Tag Archives: dogs

Writing Wins and Woes: Dog Days of Summer

I have to admit I get a little disenchanted with my writing this time of year. I’m not sure why. It’s summer. I want to be out and about doing fun things, not cooped up in the house writing. Not to mention that it’s hot, and it tends to drain my energy. Yes, I have air conditioning in the house, but after a long day’s work, I just don’t feel much like writing.

There’s a lot of reasons why summer just doesn’t seem to fill me with motivation. So I decided to list some motivational tools to help others who are going through the same thing.

  1. Start a brand new project. Sometimes the old projects get boring, so a new endeavor can spur you on to write.
  2. Use the five minute plan. I’ve talked about this before. Decide to write for five minutes. If you are still motivated, write for five more minutes.
  3. Journal. Here’s another thought I’ve harped on before. If you don’t have a story you feel like writing or adding to, just write your thoughts down. It may motivate you to write other things, and it’s good practice.
  4. Reward yourself. Decide on a special treat after you’ve finished writing. Then give yourself some pats on the back. Rewards work with kids and adults.
  5. Go somewhere specifically to write. Sometimes a change of scenery can start the creative juices flowing.
  6. Free yourself from distractions. Don’t answer your cell. Don’t open the door. Don’t check facebook. Shut the door and write. Don’t even throw the ball to the dog. (I have that problem when I’m sitting down to write.)
  7.  Write a whole story in one sitting. Challenge yourself. I know this sounds hard but you really get a sense of achievement when you finish something. Try not to stop until the story is done. Work on fine tuning later.
  8. Add a chapter. Add just one chapter to the novel you are currently working on. It’s forward progress and it feels good.
  9. Write something completely different than you usually write. Again, it’s fresh and fun and you might be surprised that you actually like writing in a new kind of way.
  10.  Practice whenever you can. Read a news story. Write about it. Watch something on tv. Write about it. Read a book. Write about it. These projects are actual things. They are called book and movie reviews and editorials. They are fun and helpful to developing your writing skills. Even try writing a review on a product you bought on Amazon or a recipe you liked.             There you go. Take one or all or make up your own. Just write.019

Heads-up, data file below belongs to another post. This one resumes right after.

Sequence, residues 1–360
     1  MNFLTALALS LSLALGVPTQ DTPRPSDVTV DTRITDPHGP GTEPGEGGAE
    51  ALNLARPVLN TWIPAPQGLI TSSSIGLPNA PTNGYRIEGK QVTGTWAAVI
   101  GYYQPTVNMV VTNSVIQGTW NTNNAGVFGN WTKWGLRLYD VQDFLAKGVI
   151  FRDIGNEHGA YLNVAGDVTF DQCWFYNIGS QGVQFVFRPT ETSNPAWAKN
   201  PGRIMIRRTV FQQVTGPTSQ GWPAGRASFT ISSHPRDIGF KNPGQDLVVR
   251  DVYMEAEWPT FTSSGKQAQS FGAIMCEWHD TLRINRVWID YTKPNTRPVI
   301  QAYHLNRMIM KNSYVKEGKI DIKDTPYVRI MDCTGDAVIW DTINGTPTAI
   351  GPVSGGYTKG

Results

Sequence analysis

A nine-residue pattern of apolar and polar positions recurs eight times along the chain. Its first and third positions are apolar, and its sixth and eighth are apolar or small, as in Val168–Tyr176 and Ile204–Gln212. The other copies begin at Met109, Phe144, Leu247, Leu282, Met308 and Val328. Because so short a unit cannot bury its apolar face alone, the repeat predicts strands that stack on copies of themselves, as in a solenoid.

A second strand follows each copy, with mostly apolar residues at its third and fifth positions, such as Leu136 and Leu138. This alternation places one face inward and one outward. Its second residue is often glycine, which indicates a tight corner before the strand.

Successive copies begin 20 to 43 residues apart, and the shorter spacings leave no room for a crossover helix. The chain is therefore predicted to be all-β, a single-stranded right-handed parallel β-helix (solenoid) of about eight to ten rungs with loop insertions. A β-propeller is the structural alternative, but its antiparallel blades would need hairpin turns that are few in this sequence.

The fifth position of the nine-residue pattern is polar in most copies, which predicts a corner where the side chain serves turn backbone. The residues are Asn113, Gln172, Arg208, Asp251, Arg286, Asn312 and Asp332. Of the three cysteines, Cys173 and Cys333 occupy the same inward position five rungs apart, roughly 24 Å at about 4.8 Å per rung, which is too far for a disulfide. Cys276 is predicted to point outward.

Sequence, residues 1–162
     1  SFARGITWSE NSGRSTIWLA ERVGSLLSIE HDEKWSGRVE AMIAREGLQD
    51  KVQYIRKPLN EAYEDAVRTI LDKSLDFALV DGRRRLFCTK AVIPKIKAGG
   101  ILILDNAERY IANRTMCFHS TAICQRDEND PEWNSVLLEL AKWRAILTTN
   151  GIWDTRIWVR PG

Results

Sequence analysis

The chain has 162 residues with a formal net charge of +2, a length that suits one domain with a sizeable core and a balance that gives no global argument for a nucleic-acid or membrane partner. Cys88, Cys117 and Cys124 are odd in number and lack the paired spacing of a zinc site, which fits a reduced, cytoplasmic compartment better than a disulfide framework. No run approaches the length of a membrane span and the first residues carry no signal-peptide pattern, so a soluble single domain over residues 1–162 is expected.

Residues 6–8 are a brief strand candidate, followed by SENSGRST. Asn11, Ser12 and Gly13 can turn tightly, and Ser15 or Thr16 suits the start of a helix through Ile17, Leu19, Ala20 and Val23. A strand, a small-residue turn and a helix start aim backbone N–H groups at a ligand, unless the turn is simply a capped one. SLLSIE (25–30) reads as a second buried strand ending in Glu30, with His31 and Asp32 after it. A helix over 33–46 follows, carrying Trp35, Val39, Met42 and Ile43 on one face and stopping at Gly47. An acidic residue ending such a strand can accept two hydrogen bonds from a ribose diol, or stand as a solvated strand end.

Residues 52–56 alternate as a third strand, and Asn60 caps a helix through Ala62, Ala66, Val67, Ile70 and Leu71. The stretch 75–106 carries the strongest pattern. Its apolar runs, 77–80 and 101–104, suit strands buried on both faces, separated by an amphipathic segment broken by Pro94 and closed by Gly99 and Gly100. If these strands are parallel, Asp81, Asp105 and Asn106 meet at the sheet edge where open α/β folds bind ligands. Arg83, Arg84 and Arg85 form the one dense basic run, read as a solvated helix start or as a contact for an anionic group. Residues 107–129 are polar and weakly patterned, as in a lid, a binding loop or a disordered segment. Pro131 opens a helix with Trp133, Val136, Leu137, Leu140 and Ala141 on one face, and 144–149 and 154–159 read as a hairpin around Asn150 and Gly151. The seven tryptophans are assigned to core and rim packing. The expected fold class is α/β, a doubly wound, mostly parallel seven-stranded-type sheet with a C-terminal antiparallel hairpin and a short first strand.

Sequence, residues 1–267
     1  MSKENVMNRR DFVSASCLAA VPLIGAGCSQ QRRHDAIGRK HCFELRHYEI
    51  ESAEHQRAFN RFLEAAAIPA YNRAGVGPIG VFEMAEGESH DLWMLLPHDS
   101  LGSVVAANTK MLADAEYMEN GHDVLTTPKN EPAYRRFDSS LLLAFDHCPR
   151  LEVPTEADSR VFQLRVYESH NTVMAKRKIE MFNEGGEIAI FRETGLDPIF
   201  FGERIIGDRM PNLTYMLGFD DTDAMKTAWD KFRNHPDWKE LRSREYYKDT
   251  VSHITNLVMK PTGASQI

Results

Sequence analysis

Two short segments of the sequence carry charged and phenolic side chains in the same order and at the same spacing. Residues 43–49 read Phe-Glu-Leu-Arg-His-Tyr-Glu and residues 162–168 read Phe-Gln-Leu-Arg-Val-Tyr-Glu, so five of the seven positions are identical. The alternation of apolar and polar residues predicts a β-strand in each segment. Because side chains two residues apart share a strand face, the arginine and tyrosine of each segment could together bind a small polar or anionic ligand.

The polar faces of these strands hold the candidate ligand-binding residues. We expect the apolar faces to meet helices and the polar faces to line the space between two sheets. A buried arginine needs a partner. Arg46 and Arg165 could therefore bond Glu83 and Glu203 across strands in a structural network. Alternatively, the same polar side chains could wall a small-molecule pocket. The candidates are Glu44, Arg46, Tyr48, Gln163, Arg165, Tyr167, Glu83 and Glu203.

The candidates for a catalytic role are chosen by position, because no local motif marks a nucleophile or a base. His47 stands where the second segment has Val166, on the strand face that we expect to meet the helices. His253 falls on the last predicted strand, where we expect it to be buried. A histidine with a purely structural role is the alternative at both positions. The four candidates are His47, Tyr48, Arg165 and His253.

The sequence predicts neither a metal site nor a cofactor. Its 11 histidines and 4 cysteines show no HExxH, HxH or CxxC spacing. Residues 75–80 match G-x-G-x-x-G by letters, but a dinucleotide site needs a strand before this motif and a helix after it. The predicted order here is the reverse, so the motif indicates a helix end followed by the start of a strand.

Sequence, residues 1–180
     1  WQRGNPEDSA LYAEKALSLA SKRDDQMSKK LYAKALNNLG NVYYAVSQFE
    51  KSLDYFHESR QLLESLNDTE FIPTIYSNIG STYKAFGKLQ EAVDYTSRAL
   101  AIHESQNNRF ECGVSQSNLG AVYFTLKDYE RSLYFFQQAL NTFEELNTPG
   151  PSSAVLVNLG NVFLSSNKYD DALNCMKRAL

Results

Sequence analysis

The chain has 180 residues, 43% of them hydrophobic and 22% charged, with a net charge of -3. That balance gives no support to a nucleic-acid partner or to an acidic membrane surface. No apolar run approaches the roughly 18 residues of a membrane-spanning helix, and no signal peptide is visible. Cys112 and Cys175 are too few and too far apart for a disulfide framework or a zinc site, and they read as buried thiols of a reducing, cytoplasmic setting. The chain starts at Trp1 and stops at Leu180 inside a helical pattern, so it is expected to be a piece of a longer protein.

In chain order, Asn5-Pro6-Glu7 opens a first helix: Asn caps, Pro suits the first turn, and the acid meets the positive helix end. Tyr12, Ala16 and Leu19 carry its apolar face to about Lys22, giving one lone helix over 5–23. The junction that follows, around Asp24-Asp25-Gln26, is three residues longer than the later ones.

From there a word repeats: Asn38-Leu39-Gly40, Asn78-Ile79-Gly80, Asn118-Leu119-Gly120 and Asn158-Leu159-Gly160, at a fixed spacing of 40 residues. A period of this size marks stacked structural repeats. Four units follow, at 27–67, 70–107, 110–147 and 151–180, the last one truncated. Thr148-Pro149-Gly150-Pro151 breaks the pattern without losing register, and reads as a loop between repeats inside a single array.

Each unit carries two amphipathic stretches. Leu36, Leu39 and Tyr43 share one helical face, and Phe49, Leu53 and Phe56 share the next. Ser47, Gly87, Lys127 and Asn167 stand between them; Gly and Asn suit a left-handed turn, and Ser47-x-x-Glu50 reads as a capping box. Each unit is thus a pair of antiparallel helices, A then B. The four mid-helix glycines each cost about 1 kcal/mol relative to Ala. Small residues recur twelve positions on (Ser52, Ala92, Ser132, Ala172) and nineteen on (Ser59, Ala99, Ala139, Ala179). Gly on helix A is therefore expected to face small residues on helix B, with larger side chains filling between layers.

Writing Wins and Woes: What do dogs and successful writers have in common?

1188932Lucy pics 012I thought it might be time for another humorous post especially as my past posts have been somewhat disheartening in their tone. So, without further ado let’s consider the question, what do dogs and successful writers have in common?

  1. They stay focused on their task. If you ever see a dog siting patiently waiting for that last bit of food you have, or training his eye on a tennis ball, or even sheep herding, you know that dogs stick to the job they know they have to do. A writer who stays focused on the novel he’s writing, or the story that flashed into her mind or the tireless research to make a story authentic, you will find the writer who is successful.
  2. They are loyal. Everyone knows dogs are loyal creatures. They love their masters. They forgive and forget. Writers need to be loyal, too. They need to be loyal to writing groups, writing friends, people who buy their books and anybody who might give a crap about their writing. Without faithful supporters, you can’t have a successful writer, so we have to support them in return.
  3. They struggle against impossible odds. Incredible Journey. Lassie Come Home. Benji, Greyfriar’s Bobby. Some of these stories are even true, but even if they are a bit concocted, dogs will do anything to be reunited with their masters. Selling a book is definitely an impossible feat. Even when you do sell a book, do you know the average book sells less than 500 copies? Yet, we stick to the task against these odds. Why? Because we’re writers.
  4. They love what they do. Ever see a dog hang his head out a car window? Run wild in a field after absolutely nothing? Eat a bowl of disgusting dog food? Dogs love what they do. A writers who loves what he creates is a successful writer.
  5. They keep the faith. Dogs don’t lose faith in us. They wait even if we’re gone all day or days even. They don’t lose hope. They stick by gravesides, bedsides, couch sides and table sides. Okay, maybe that’s for food, but we can’t argue that dogs have an incredible amount of tenacity. They don’t give up. If we want to be successful writers, we have to keep believing in our work, ourselves and our futures. So, do you want to be a successful writer? Take a few lessons from dogs. Chase your dreams and run them down.